They called them the Baby Boomers, history’s most prosperous and powerful generation. With the first members of this vaunted generation now transitioning into their retirement years, there have been numerous documentaries produced recently (CBNC’s Boomers, PBS’s Frontline, etc.) reporting on the challenges that many Boomers will face going forward. In the course of American economic history, the heyday of the Boomers in the workforce ran alongside the greatest economic expansion ever. Indeed, Boomers contributed directly to its rise and fall, whether via the secular trend of buying stocks for retirement or conspicuous consumption, assisting to create the stereotypical mold of the American consumer. With these trends ending, catalyzed by the recession and subsequent need to save for retirement, the economy finds itself at a crossroads. Does the economy need the Boomers as much as they need it, and vice versa? Both statements may be correct.

The typical period that most people consider their “adult” life (roughly the time they exit college to retirement) is about 40 years in length. History is a collection of long and short term trends, and economic trends in particular are driven by a nation’s position within the world and demographics. When an individual’s lifestyle has been driven by these trends, it is reasonable to think that they, and indeed their entire generation, would come to recognize what had transpired to be normal. For the Boomers, I fear that many have yet to recognize that within the context of economic history, the past 40 years were anything but normal, driven by the rise and fall of their own, prosperous generation. Fiat money and expansion-friendly demographics resulted in four decades of successive booms and busts in many markets. Put together, it can be argued that they all fed into a larger, secular bubble that was demographically-fueled at its heart. We have found ourselves unprepared for the fallout from this bubble with no easy answers, especially for those in my generation.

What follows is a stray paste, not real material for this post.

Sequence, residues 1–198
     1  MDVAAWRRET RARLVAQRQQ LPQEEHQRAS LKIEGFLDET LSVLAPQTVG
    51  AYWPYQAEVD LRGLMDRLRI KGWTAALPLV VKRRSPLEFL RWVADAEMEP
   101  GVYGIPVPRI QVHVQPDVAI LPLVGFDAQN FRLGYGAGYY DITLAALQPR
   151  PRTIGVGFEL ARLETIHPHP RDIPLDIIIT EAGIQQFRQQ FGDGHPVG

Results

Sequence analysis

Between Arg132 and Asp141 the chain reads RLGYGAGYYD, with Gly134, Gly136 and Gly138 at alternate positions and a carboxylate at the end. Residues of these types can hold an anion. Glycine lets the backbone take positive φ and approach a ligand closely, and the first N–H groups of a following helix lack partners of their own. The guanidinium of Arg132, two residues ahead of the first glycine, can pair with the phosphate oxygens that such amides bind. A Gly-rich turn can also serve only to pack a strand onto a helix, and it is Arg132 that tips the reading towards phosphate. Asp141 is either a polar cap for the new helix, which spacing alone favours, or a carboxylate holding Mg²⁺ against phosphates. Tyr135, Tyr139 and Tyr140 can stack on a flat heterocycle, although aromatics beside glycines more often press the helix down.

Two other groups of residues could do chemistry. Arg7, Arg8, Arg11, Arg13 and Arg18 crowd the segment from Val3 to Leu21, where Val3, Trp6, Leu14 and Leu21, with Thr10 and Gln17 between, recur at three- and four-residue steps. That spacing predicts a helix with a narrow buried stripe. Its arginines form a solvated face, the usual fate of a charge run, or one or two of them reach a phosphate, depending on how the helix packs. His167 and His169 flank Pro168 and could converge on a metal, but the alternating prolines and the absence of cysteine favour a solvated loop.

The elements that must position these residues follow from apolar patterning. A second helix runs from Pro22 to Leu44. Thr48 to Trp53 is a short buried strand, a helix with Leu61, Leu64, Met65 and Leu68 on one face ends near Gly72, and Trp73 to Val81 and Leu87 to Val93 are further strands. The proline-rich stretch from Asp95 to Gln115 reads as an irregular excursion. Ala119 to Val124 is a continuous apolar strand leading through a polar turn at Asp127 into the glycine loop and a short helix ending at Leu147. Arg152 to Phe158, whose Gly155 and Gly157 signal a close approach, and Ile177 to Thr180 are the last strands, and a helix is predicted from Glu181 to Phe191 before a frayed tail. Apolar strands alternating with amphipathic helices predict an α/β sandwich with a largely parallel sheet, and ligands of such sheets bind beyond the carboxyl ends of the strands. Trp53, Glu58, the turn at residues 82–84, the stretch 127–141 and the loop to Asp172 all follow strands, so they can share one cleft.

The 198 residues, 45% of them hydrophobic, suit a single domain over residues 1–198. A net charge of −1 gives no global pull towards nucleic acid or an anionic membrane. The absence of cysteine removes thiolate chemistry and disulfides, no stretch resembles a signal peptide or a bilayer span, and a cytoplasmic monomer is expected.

Before the Boomers even got out of college, Lyndon Johnson was shaping their economic future without them knowing it. The budgetary strain of the Great Society programs and Vietnam were the final nails in the coffin for the Bretton Woods monetary system. This directly led to Nixon taking the US off the Gold Standard in August 1971. Even though the US was one of the last economic powers to do so, the system was widely regarded among economists as a relic that constrained economic growth. The significance of the move lay in the advantage that it gave to the Baby Boomers; it eventually would enable them, in middle age, to take on debt unlike any previous generation.